Emergency crews were dispatched to a water rescue north of Charlotte, in Alexander County, North Carolina, just before 11:30 p.m. EDT on Saturday, WSOC reported. Once on scene, crews located one person clinging to a tree. A raft was deployed, and the victim was saved and eventually treated for non-life-threatening injuries.

The victim told officials that another person had jumped out of the vehicle they were both in and entered the water. After an extensive search, the body of 49-year-old Lisa Michelle Riahi was found about 2 miles away from the scene.

According to Alexander County Emergency Management, 7.3 inches of rainfall was reported in the area of the incident.

Torrential downpours took aim at the storm-weary Northeast and inundated communities from New Jersey to Maine. Hundreds of flights and a handful of events were canceled due to the flooding rainfall.

Tweed-New Haven, a small airport located in New Haven, Connecticut, closed Sunday afternoon after rounds of showers and high tide flooded the only runway at the airport.

“[Tweed-New Haven Airport] acts as a collection bowl for neighborhood floodwaters,” officials from the airport wrote on Twitter. “High tide needs to recede to open tide gates to drain water through waterways.”

As of Monday morning, the airport announced that floodwaters had receded and it was “fully operational” again.

In addition to the cancelations at Tweed airport, nearly 800 other flights were canceled Sunday across the Northeast. Newark Liberty Airport, located in Newark, New Jersey, led the entire world in flight cancelations with 180 as of Sunday evening, according to FlightAware.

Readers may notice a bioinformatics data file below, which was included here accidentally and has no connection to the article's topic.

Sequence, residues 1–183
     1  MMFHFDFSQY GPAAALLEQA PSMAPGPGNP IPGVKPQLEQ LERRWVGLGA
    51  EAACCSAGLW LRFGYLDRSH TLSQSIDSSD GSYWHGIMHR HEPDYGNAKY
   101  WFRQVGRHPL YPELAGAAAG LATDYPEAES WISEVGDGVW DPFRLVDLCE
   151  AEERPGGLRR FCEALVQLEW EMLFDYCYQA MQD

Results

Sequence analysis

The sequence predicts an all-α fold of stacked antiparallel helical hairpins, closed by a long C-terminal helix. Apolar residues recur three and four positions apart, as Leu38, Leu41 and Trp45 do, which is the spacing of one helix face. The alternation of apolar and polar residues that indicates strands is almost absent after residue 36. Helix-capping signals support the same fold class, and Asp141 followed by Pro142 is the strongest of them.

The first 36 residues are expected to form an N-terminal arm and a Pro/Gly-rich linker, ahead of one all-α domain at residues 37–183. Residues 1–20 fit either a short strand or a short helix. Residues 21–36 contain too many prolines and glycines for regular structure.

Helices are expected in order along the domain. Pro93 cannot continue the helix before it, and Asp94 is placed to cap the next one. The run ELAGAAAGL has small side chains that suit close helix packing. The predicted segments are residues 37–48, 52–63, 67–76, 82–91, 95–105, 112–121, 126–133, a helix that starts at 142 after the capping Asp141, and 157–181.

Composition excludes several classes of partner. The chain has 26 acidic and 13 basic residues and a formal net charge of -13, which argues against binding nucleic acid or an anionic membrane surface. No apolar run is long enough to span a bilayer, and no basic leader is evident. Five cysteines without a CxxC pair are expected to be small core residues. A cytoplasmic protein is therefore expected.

In New York City, John F. Kennedy Airport had 159 flight cancelations, making up 21% of origin flights at the airport. LaGuardia Airport, also in New York City, and Boston Logan International Airport exceeded 100 flight cancelations as well Sunday evening.

New York Gov. Kathy Hochul urged people to stay off the roads Sunday until the storms had passed. According to Hochul, 5 inches of rain fell within two hours in Suffolk County, located on Long Island, Sunday morning.

“Here comes the rain. It just seems unrelenting this year,” said Hochul in a press briefing. “A flash flood doesn’t give you warning…you have to avoid unnecessary travel.”

New Jersey Gov. Phil Murphy declared a state of emergency for the entire state Sunday due to the severe weather. Murphy said in a tweet that the state was hit by hazardous weather conditions including intense rainfall, flash flooding and dangerous winds.